Facial Recognition Goes Mainstream
Whether you want to buy a train ticket, withdraw cash from your bank or order food, your face could soon become your new currency. With a simple glance, facial recognition can already enable you to log into mobile apps and make transactions.
Facial recognition technology isn’t exactly new: Law enforcement already uses the technology to identify crime suspects, while Facebook and Google collected facial data for years to identify people in photos. But Apple’s Face ID feature for the iPhone X is sparking new conversations about how the innovative technology works – and the best ways to balance convenience with privacy.
Apple’s new phone, which went on sale in November 2017, introduces a facial recognition software that enables users to unlock the device and authorize Apple Pay transactions. Apple says it will store facial data on users’ phones instead of in the cloud to strengthen security against hackers. Apple also claims its Face ID tool can tell the difference between a real person and a photo.
Passwords, Fingerprints or Faces?
Like fingerprints, facial IDs offer a convenient alternative to passwords and pins that are often forgotten or stolen. But are they the safest way to unlock your phone?
While Apple’s facial recognition technology is more secure than its fingerprint technology, both are less secure than a strong passcode, according to The Verge.
When you use biometrics, you also surrender control of a piece of information that could be used to identify you forever, according to Consumer Reports. While passwords can easily be changed if compromised, there is little you can do about a stolen facial ID or fingerprint.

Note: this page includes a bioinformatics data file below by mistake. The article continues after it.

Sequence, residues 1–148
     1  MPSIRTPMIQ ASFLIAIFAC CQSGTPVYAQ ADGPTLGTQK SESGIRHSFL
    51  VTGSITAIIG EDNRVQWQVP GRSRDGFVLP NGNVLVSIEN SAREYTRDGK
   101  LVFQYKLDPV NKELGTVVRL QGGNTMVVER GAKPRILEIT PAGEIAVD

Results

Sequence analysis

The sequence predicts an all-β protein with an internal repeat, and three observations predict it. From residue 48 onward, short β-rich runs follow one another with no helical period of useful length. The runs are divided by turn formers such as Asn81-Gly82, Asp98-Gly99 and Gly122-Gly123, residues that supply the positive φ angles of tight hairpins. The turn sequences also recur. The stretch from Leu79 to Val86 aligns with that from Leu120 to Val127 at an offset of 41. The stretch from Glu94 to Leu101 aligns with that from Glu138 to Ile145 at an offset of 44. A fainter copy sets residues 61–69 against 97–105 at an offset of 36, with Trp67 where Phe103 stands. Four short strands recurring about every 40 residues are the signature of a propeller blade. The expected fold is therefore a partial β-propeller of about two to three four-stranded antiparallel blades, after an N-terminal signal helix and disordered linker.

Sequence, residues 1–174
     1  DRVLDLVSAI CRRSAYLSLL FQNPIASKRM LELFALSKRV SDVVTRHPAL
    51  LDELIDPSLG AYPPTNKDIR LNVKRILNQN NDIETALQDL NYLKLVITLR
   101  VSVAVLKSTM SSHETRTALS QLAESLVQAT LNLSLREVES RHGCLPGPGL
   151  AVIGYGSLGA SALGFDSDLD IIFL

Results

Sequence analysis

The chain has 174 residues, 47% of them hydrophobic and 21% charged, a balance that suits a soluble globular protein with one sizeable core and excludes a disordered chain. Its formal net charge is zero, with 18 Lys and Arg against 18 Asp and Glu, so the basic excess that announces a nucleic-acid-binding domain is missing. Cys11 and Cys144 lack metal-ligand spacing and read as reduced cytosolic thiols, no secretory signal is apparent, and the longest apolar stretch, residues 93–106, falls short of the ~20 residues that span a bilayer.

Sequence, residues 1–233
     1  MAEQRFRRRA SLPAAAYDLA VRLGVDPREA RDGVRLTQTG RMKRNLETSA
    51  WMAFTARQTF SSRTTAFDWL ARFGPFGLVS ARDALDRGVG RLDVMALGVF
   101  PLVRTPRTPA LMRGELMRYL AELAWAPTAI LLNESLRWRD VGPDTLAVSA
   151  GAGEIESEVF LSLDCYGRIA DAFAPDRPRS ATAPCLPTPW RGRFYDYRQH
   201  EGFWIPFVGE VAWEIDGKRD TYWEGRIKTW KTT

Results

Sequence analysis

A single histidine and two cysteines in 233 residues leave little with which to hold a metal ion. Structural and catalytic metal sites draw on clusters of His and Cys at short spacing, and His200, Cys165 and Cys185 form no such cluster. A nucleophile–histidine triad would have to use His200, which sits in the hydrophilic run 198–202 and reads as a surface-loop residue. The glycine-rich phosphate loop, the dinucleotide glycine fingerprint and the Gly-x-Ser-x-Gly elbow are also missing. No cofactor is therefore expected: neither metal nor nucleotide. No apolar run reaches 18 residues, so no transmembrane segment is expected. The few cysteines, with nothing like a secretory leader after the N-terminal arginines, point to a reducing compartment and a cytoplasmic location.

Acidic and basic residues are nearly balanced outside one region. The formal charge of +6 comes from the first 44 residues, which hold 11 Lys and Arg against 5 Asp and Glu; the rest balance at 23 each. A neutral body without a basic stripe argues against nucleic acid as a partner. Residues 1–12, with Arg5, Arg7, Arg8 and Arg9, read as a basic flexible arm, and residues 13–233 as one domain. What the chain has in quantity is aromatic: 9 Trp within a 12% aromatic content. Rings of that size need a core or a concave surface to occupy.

Can a Facial ID be Forced?
Beyond security concerns, facial IDs raise new privacy questions. One trending question is whether a police officer, customs agent or criminal could force you to unlock your phone with Face ID by simply holding the phone up to your face.
Apple says your eyes must be open and your face lined up with the camera for the technology to work. But at least one test showed that as soon as the test subject opened his eyes, Face ID was able to make a match.
Faces of the Future
In the not-too-distant future, retailers may use facial recognition to identify customers in stores or track their attention in ads.
In China, for example, the startup Face++ is using facial recognition to provide access to apartment buildings, transfer money through mobile payment apps and confirm drivers’ identities at a ride-hailing company, according to MIT Technology Review.
Face++ technology can also identify suspects in surveillance camera videos — a concern for U.S. privacy experts, who say the government could potentially track citizens in public settings, such as political protests.
As facial recognition technology becomes more widespread, the conversation on convenience versus privacy will only continue. While the technology isn’t inherently good or bad, consumers should learn all the trade offs involved before converting to the newest digital currency.
Whether you choose to use regular text passwords, fingerprints or facial recognition, it’s important to be diligent with your security preferences and exercise precaution at all times. For all of the Cox High Speed Internet customers out there, check out this article on the 10 Best and Worst WiFi passwords to analyze your password strengths and weaknesses.